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Your Digital Kids

A Primer on the High Tech School

ripvanwinkleTechnology was long seen as the curse of the classroom, just a glorified SRA (those over a certain age will remember the SRAs, those colored-coded individualized forms of torturous reading). SRAs gave way to computers and “drill and kill” became the domain of technology in the classroom, because that’s all that computers were capable of doing. Now technology may finally be driving the way students learn. But for those of us who aren’t in academia, the gear, the issues and the buzz are quite different. 

I spent two days being a voyeur at ISTE/NECC, a conference about technology’s role in education. It provided me with a welcome call to 21st century education in the classroom. While there wasn’t one single “killer product” on the show floor, the sum of a bunch of solid technologies is giving teachers a real chance at cultivating the original thinking part of their students.

Collaborative Education: We all have memories of the group project where one person did the lion’s share of the work, but the new collaborative tools bring both novelty and structure to group projects. Systems like Promethean’s ActivClassroom, eChalk, and Saywire offer schools complete collaborative systems. Promethean’s is centered on its electronic whiteboard. Saywire includes a suite of social networking tools that includes blogs, wikis, document sharing, and more.

Digital Storytelling: Digital storytelling has become the new buzzword for the old fashioned research paper. Images, audio, first person research, videos, drawing, and other elements create reports that are more lifelike and encompassing than ever before. The student plays the role of multimedia author and a new sort of research product is born. Tools like Google Apps for education and Apple’s iLife are helping students create complex and visually arresting reports. Some good examples of the modern classroom’s projects can be found here.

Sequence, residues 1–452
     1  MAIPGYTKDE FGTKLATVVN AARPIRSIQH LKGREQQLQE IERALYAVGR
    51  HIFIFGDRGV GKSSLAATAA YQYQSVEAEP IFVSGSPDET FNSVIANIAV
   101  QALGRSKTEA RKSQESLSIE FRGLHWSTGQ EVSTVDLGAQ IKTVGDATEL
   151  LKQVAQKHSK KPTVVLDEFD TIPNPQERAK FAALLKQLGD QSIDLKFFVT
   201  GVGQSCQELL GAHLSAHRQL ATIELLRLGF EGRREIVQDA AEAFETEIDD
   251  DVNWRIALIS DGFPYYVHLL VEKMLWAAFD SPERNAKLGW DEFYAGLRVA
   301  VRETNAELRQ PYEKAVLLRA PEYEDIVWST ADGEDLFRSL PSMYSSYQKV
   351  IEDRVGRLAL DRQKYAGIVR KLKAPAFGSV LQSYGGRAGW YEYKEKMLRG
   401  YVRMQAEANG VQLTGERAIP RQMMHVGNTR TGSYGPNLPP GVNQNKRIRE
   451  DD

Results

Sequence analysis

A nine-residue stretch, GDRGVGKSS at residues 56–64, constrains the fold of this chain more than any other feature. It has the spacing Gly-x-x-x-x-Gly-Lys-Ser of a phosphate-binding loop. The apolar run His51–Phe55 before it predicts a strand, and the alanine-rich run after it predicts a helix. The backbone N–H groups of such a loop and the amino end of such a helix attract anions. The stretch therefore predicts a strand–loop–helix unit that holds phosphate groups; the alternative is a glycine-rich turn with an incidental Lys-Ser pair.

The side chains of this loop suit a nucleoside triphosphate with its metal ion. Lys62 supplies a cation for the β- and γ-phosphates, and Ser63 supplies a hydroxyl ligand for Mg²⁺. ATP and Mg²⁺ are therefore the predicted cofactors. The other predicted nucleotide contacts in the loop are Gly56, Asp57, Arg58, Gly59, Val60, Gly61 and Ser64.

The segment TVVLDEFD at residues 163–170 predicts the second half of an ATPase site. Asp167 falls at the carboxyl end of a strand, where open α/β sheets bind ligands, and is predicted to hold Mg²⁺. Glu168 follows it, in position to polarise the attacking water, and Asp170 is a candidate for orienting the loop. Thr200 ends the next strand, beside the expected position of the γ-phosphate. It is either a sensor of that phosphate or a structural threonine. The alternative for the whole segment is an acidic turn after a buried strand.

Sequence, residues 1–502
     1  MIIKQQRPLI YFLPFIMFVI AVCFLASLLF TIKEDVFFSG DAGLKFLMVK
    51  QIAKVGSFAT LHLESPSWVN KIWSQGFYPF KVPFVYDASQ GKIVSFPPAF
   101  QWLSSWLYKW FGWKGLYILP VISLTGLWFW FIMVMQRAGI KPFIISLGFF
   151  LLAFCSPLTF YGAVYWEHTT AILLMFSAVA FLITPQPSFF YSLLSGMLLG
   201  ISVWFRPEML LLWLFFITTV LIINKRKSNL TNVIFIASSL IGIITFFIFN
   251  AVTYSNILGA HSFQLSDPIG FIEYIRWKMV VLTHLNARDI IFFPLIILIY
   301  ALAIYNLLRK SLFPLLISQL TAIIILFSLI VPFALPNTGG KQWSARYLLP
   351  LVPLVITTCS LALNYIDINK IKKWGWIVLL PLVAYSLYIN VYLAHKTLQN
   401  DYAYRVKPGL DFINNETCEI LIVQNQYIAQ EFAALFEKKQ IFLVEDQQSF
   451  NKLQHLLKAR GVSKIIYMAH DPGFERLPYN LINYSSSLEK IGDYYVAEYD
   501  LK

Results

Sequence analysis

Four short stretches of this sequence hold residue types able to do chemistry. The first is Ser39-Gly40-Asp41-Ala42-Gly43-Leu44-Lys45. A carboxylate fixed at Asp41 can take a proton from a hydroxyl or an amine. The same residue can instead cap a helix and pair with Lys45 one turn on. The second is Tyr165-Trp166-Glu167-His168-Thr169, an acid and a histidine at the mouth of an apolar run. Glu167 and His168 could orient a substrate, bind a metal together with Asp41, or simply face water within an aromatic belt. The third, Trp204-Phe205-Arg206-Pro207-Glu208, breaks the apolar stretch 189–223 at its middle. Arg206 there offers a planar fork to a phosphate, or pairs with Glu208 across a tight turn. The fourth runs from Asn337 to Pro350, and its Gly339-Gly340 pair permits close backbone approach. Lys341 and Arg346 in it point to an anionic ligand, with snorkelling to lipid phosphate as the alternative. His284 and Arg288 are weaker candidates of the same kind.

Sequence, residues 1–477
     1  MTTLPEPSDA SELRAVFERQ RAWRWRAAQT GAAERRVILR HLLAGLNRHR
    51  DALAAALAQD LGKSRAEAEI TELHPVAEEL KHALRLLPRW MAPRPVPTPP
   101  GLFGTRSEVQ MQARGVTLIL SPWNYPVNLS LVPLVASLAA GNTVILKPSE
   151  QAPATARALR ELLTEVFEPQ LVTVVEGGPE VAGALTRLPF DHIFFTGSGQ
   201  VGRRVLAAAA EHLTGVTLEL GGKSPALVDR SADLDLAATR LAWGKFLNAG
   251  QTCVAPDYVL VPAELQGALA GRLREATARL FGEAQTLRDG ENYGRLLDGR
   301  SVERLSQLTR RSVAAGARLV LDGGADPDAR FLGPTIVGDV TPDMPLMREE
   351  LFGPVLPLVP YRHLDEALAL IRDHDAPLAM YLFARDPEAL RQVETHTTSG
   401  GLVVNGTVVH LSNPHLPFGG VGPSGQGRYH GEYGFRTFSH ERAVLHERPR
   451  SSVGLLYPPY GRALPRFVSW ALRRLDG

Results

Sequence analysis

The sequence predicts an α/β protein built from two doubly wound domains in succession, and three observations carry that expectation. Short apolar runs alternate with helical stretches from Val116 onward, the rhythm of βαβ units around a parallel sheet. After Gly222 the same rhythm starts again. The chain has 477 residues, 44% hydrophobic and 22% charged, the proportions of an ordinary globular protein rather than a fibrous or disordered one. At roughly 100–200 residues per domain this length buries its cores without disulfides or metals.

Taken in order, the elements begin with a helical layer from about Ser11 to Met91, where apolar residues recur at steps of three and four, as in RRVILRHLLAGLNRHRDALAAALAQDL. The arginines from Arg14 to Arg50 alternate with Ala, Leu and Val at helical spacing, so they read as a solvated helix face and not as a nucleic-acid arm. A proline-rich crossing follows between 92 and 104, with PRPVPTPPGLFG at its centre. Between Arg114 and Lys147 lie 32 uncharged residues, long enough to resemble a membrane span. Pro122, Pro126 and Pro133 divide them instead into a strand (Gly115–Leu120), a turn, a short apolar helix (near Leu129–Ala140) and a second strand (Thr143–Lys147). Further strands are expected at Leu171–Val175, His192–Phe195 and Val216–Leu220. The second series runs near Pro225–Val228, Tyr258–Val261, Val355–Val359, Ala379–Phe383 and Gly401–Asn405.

Distance Learning: There are many who think that the savior of ridiculously priced colleges will be online learning. The cost per student to have access to top notch curriculum and personalized instruction is lower when you eliminate the physical bricks and mortar. Video, online assessment testing, and multimedia  curriculum are the enabling technologies.  The University of Phoenix and Kaplan are the 100-pound gorillas, accredited full degree schools, but watch for newcomers like University of the People (a free degree based on open source curriculum) and institutions like MIT, Stanford, and others to incorporate online components into their regular courses of study.

Personalization: What happens to the student who’s never learned his multiplication tables? As he progresses through the school curriculum, he never recovers from missing a piece of the puzzle. Students who fail to master basic concepts fall behind forever. Software and hardware that can track a student’s progress, giving them remedial or accelerated instruction as needed, sometimes tailored to their specific learning style, provides some assurance that every student will master a unit of information before moving to the next. Solutions include products like McGraw-Hill’s Acuity Unwired, which relies on hardware clickers distributed to students who use them to “click” on an answer and makes tracking progress easy. My eCoach offers a full solution for individualized lessons.

Learning Games: There’s a part of school life that is just a big game of Jeopardy—with laundry lists of facts and figures. Sites like BrainPOP that teach odd facts in strange and humorously hip ways have their place in the classroom.

eBooks: E-books may not be particularly satisfying for reading the next great novel, but there’s a lot to like about them as textbook replacements. They are easier on the back, easier on the pocketbook, and easier on the eyes (with adjustable fonts). With tools for underlining, note taking, web lookup, and immediate downloads, they hold tremendous potential to be more powerful than a traditional book. The Kindle DX, with its larger screen format, is currently being tested as a textbook replacement in five universities.

Electronic Smartboards: Blackboards are erased without a trace, but smartboards keep the knowledge flowing. A teacher at a smartboard can “write on the board,” interact with software and the web, track student progress, and record lectures and then distribute content to the entire class.  Blackboard is the big kahuna in this category, but some of the most interesting products you’ll see in this space are ones like mimio that turn any wall surface into a smart electronic board.